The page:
My word, what a surprise!

Research among 200 employers by the firm My Family Care found that more than four out of 10 had not seen a single male employee take up the right. At 11%, only between 0.5% and 1% of male workers had taken shared parental leave and fewer than 10% reported more than 1% takeup. A further quarter of firms were not able to give a figure.

With statutory pay set at a maximum of £139.58 a week, 80% of employees surveyed said a decision to share leave would depend on finances and whether their employer paid more than obliged to.

The research found that concerns over career progression were a factor for many, with half of men saying they thought taking leave was perceived negatively at work and 55% of mothers questioned said they did not want to share their leave.

You might almost think that this sort of thing is hardwired in. Mammies want to take care of the babbies and daddies want to provide for them.

And yes, as the original instigator of the shared parental leave law in the UK I do indeed get to say that.

16 thoughts on “My word, what a surprise!”

  1. So Much For Subtlety

    You might almost think that this sort of thing is hardwired in.

    You might. But then you might suggest women don’t belong in the military and get flamed for it.

    In the West, we expect men to work themselves to an early death so that their wives can shop. This is a p!ss poor arrangement for the men, but society as a whole seems to benefit so I wouldn’t complain.[1] Naturally the next step is to make it compulsory for men to take an equal amount of paternal leave.

    [1] Unlike Africa where people expect women to work, men to do nothing much and no one to be sure of who their father is. The fact the welfare state has enabled this African lifestyle to be recreated in the West clearly has nothing to do with genes.

  2. Dad took two weeks leave when each of his children were born. During one he installed central heating upstairs and during the other he installed it downstairs (between helping out mum). After that he went back to work to ensure that his family were provided for and neither of them would have had it any other way.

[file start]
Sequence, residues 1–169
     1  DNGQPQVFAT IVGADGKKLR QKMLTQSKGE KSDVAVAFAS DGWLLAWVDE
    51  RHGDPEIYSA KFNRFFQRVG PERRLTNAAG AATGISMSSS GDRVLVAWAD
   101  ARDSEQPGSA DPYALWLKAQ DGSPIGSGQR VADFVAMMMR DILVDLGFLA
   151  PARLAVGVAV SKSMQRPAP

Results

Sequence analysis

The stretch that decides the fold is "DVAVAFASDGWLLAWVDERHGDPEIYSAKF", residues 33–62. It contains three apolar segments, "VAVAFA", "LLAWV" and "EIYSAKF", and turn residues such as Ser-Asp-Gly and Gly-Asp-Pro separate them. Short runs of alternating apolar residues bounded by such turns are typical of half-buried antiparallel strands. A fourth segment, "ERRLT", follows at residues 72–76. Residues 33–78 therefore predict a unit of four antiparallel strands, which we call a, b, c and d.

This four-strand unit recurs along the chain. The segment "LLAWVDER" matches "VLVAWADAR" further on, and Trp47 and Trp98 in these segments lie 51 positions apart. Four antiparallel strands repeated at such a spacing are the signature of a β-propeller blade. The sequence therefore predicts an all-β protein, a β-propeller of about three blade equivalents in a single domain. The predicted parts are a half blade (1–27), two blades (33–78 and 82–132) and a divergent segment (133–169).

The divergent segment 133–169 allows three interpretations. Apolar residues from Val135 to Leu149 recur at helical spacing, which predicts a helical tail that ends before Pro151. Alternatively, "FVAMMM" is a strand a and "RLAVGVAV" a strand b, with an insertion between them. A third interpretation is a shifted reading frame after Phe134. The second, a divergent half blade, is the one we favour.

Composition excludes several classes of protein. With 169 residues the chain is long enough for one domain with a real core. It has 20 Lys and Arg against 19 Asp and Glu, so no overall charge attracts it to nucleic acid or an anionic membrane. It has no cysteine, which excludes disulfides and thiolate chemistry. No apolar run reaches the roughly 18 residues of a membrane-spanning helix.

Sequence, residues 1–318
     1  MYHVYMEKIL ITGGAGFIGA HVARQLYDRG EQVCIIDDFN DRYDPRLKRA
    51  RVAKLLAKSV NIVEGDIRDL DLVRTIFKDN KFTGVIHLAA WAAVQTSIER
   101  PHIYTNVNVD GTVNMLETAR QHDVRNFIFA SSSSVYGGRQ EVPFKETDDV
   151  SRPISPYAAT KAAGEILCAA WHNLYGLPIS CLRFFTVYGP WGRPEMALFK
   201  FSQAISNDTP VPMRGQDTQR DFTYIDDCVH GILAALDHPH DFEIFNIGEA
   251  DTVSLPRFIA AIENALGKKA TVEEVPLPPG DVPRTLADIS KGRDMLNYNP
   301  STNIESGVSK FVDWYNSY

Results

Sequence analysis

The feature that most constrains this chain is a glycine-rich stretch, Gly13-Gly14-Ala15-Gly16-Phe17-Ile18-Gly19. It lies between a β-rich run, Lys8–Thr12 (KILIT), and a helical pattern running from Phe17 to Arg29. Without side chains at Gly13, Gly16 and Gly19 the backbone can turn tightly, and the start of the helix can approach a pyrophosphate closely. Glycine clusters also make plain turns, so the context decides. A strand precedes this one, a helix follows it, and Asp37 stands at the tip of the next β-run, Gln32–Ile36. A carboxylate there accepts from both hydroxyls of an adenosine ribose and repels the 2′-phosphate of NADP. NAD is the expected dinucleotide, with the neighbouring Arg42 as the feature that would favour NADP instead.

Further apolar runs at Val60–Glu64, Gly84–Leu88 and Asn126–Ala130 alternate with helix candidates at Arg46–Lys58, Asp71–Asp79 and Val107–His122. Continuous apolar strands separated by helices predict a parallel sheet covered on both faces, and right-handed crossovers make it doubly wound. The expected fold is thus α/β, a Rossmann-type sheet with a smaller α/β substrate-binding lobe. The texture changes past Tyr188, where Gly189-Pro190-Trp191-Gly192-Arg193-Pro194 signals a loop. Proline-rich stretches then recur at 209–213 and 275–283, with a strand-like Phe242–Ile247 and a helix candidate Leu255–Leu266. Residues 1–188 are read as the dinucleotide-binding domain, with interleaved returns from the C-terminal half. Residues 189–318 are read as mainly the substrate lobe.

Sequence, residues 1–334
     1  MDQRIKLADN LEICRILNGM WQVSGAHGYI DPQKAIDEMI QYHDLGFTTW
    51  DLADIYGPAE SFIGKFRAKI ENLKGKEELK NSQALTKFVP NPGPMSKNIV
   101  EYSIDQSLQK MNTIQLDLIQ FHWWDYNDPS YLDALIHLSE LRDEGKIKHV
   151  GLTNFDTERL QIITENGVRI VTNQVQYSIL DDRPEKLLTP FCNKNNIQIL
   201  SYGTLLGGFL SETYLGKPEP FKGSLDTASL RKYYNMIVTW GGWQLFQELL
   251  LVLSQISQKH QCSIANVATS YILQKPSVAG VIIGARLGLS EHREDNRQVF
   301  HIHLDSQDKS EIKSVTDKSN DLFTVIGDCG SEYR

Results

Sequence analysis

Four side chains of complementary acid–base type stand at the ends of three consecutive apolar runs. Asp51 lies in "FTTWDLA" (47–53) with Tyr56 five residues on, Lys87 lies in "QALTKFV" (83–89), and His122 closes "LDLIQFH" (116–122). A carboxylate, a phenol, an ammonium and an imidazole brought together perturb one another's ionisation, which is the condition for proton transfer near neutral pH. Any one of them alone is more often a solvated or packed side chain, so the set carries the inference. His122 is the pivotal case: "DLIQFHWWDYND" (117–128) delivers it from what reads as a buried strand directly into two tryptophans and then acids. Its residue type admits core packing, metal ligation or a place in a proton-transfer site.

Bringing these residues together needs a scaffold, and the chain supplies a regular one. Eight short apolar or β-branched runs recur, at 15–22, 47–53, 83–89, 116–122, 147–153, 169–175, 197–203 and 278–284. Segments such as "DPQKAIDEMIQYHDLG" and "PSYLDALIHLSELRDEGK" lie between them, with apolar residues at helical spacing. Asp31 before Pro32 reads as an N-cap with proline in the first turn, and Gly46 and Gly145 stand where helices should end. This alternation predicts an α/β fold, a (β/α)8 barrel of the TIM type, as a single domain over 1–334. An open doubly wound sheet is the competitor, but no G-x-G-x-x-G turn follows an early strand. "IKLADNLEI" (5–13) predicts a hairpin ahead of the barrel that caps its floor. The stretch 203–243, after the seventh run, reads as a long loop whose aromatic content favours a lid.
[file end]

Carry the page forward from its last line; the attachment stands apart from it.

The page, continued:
3. Naturally the next step is to make it compulsory for men to take an equal amount of paternal leave.

    Of course, because giving people choice is not enough, they must be forced to do what is best for them.

  4. They don’t just believe its best for them, they know it’s best for them. Cos they know whats best for everyone.

  5. I took my 2 weeks paid paternity leave. I had a right to an extremely generous amount of unpaid leave (6 months per kid, can be taken up to their 12th birthday if I remember rightly).

    Didn’t take a single day of it.

  6. So Much For Subtlety

    abacab – “Didn’t take a single day of it.”

    You, sir, are worse than Hitler. Have you no shame? Clearly all the problems women have in modern Britain are your fault.

    We have a system where women do work they generally like for indifferent, or even no, levels of pay, while their husbands earn lots of money to enable their wives to buy what they like. The only people who are not happy with this arrangement are a small number of embittered lesbians. Why are we listening to them?

  7. “And yes, as the original instigator of the shared parental leave law in the UK I do indeed get to say that.”

    To which one might imagine a response from a shed somewhere in Norfolk:

    Reply
    Richard Murphy says:
    April 3 2016 at 11:28 pm
    Stewart